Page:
The well-balanced position of the rapporteur and shadow rapporteurs that was agreed in December highlights the key role of MEPS. Their suggestion includes introducing standards obliging all non-residential buildings to achieve at least class “E” on the EU energy efficiency scale by January 2027 and then class “D” by 2030. For residential buildings, the same energy efficiency classes should be achieved by 2030 and 2033, respectively.
Citizens not only need better homes, they demand it. According to Rockwool’s public opinion polling, an average of 79% of respondents in the UK, USA, France, Germany, Italy, Poland and Denmark would be willing to make their homes more energy efficient if they had the means to do so, and 73% support mandatory energy performance standards for buildings given the right enabling conditions.
Businesses and investors have already recognised the need for their involvement in improving energy efficiency and deep modernisation of buildings, and see this as an opportunity for ensuring sustainable growth.
Recent data shows that for every €1 million invested in energy renovation in buildings, an average of 18 local long-term jobs are created. Recent economic models also show retrofitting buildings in Europe could create 1.2 million additional jobs and increase GDP by 1% by 2050. Ambitious renovation standards will also help lower investment risk in the renovation supply chain, supporting this important sector.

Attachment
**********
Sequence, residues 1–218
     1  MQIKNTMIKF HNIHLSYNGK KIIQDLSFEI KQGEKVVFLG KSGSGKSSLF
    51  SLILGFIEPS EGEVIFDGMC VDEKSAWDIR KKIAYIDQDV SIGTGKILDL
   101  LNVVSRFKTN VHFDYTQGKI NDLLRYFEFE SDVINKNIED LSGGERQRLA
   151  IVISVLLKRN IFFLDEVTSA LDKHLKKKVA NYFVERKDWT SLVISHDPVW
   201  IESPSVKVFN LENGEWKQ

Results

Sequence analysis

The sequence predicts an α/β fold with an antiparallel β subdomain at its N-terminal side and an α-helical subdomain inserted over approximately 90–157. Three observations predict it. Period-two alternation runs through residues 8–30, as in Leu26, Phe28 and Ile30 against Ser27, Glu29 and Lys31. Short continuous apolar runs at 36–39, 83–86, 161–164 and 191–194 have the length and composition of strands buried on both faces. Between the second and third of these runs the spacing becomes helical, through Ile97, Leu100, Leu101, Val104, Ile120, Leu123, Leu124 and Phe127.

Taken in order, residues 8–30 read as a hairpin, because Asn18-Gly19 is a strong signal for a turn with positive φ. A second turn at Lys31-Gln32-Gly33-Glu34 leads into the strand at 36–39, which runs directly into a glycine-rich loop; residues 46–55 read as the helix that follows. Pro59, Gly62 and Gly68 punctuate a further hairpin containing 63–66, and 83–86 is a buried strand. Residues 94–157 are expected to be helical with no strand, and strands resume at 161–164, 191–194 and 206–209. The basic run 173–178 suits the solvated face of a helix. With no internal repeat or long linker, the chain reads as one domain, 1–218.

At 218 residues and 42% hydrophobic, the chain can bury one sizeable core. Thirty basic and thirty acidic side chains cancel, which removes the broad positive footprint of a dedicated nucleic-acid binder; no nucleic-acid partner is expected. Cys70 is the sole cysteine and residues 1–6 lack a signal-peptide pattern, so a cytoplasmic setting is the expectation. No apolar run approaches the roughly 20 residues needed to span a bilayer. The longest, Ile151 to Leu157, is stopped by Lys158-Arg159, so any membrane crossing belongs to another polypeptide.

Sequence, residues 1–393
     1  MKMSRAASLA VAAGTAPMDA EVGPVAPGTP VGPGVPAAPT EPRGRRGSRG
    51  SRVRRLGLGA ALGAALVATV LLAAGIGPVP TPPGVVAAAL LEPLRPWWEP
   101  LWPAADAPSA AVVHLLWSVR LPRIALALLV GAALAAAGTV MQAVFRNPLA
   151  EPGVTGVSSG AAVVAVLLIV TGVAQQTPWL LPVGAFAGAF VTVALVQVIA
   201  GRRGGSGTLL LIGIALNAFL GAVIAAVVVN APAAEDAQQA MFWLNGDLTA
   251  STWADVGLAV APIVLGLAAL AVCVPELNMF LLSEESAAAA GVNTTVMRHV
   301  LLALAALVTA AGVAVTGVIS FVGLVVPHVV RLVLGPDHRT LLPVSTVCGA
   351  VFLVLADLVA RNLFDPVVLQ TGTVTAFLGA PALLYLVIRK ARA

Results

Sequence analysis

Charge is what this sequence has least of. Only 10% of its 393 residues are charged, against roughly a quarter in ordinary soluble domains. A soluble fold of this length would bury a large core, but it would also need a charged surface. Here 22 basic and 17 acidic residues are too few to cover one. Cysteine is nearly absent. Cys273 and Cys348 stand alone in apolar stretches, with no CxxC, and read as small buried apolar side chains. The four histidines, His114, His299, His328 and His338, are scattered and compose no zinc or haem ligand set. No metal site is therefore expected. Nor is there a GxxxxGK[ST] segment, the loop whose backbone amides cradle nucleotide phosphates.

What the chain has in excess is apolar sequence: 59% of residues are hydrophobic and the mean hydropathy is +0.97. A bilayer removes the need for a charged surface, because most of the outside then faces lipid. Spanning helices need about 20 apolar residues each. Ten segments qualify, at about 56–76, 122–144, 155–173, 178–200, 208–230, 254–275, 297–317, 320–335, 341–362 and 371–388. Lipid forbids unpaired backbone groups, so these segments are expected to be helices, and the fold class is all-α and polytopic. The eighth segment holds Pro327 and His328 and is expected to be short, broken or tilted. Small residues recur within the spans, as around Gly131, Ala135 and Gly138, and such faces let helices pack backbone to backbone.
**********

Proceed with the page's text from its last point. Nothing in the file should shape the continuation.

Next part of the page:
Private sector ready to invest
An enormous number of organisations stand ready to invest in energy efficiency. More than 135 businesses and organisations have joined the World Green Building Council’s commitment on net zero carbon buildings.
Climate Group’s EP100 initiative, which brings together ambitious companies committed to improving their energy efficiency, has been joined by 124 companies operating across 126 markets worldwide, with a combined annual revenue of $726+ USD billion. Individual businesses are developing responses to the need for energy efficiency.
For these business and investor initiatives to succeed, European economic actors urgently need clear and enabling policy.
The European Parliament has so far played a key leadership role in determining EU climate action, and now it is critical for the Parliament to take a robust approach for the reform of the Energy Performance of the Buildings Directive, in the run up to negotiations with EU member states.
The confirmation of the Minimum Energy Performance Standards position in the European Parliament votes over the coming days and weeks will be critical in the push to provide an achievable and needed framework for businesses and investors.
Aiming high on the EU’s building directive will significantly improve the lives of millions of Europeans, support energy security, help achieve the EU’s climate and energy ambitions, increase the number of qualified green jobs in the EU, and support the necessary investment.
Businesses and investors are ready to implement this ambitious and robust legislation. It is time for the European Parliament to show its leadership.